If it weren't so expensive I'd have it.
        Very stable, great sound and layout.
        The built in plugins are killer.
        From what I hear it has limited midi (about the same as Pro Tools) .
        I think uses USB dongle as protection?


        Samplitude
        This one is really nice software by my opinion. Support was suspect for a while, then they've sold it to Magix so I really don't know where it stands right now. It was very good software and the layout was very smart and user friendly in my opinion. They've moved up to version 7.0


        Vegas Audio
        This one came with my soundcard.
        It wasn't bad, but at the time I was used to Sonar so did not use it much but for its direct x plugins which came in real handy in replacing the cruddy plugins in Sonar. It has real nice eq (parametric and graphic) and compressor effects.
        Recoding is pretty straightforward and I hear now they have support for video files. I had trouble recording all outputs from my Delta 1010 card into it (it didn't quite support my hardware, M-Audio fixed that later on in a driver revision). Not sure how midi is on this one, but probably pretty bad.


        Logic
        I've spent very little time on it, all it helped me figure out how little I knew about it and that I have to get back to Sonar unless I want to spend quite a long time learning this one, especially recording audio. Has great midi from what I hear. Support for PC has been discontinued at ver. 5.5
        USB dongle protection


        Cubase VST
        Same as Logic - made me run back to Sonar, steep learning curve especially on preperly recording audio. Has great midi from what I hear.

        Pro Tools
        I spent a while on the trial version to find out that this product is pretty much media hype. I found the learning curve steep and all the other programs much more user friendly and easy to work with. Lots of proprietary crap that was worthless to deal with.
        In my opinion way overrated.
        Midi is limited from what I hear.
        ========================

        http://www.descentintomadness.com

        Comment


        • #34
          My 2 Pfennigs.....
          * Cubase
          I have heard that SX is still extremely buggy, so we are still on VST 32 5.0 r.4 (I think)
          Cubase is a great program for primarily Electronic Musicians, and for MIDI......evidently they are now going after Digi with.......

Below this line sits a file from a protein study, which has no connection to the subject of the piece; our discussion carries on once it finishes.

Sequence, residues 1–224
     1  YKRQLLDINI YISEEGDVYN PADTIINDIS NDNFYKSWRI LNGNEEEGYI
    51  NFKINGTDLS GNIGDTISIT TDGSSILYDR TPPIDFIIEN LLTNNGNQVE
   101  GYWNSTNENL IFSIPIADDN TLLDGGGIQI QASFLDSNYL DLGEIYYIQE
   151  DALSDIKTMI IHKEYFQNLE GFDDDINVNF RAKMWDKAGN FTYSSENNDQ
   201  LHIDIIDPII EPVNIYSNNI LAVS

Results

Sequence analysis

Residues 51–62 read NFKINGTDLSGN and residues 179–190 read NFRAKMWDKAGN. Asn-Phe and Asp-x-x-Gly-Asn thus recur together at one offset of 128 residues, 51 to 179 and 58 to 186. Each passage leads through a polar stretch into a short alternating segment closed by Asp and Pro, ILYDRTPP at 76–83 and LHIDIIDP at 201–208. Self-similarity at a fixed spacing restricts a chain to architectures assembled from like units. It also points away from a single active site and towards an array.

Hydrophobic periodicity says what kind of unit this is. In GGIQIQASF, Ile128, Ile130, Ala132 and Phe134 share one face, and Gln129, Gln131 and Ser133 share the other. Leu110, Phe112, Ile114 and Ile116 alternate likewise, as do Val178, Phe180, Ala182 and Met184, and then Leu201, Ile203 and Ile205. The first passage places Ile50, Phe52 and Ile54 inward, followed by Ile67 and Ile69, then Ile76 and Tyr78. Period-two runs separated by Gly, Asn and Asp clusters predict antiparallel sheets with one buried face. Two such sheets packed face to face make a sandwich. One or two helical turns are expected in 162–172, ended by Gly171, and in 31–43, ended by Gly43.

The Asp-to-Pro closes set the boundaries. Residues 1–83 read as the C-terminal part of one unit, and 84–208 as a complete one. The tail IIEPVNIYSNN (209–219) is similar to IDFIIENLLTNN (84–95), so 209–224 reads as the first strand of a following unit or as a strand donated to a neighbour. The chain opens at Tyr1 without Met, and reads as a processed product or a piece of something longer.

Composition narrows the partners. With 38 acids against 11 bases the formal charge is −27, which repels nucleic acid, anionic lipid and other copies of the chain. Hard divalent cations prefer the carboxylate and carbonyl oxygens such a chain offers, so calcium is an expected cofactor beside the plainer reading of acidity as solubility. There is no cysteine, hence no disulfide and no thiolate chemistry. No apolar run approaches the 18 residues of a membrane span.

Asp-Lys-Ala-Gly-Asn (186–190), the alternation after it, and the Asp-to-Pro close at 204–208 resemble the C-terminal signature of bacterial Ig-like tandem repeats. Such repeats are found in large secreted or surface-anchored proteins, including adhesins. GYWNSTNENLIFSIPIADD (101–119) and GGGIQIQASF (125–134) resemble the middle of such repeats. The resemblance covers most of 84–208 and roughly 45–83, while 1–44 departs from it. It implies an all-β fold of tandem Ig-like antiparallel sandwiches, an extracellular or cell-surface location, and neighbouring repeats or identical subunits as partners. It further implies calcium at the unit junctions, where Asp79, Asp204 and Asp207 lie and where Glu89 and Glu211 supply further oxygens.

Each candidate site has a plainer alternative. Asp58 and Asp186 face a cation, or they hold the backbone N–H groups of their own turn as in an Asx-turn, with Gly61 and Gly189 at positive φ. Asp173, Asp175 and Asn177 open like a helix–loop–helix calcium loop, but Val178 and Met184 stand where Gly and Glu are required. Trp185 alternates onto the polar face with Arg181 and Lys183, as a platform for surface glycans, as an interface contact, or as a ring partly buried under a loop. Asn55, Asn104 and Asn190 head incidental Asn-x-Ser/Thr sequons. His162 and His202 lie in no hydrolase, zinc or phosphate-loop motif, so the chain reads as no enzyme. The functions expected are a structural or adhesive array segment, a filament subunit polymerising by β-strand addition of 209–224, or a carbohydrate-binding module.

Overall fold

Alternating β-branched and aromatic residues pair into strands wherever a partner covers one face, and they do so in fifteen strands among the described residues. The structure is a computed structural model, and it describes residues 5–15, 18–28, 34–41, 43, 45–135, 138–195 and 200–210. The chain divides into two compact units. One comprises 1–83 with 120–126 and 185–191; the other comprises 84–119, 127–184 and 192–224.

* Nuendo. This is the first PC based program that IMHO, is as good as Pro Tools. The interface is great, and it defintely has a professional feel to it. Nuendo is much more intuitive and easier to learn. I hear that 2.0 is Cubase SX, and then some......

          * Logic
          Seems to be over..........Had this program for quite some time (Platinum version) and found it extremely difficult to learn. German thinking (Cubase also), does not translate well into recording software!!!

          * Pro Tools LE
          I think that it works MUCH better on the Mac than the PC, since the code is ported over. Easy to learn, and an industry standard.
          However, the mic preamps in the interface SUCK!!!

          * SONAR.....
          Never tried it, but if it is anything like Cakewalk, it has to be Semi-pro at best.

          Great Thread!!!
          Kindest Regards-Brad Hagen http://www.musiciansadvocate.com "Just Say "NO!!!" to the megastores!!"

          Comment


          • #35
            3 years ago when I started recording I chose Vegas because after downloading all the demos I could find Vegas seemed to be the eaasiest to learn. It is very windows-ish. I installed it and was recording without ever opoening the manual.

            I am cyrrently upgrading my system so this is a great thread. The new Vegas 4.0 is on my list of possibilities as I would have 0 learning curve. I have downloaded the Sonar demo and was aboe to run with it without a problem.

            Downloaded both Cubase and ProTools (free) demos and I am totally lost. I am trying to find tutorials as I knwo they can't be THAT hard to learn.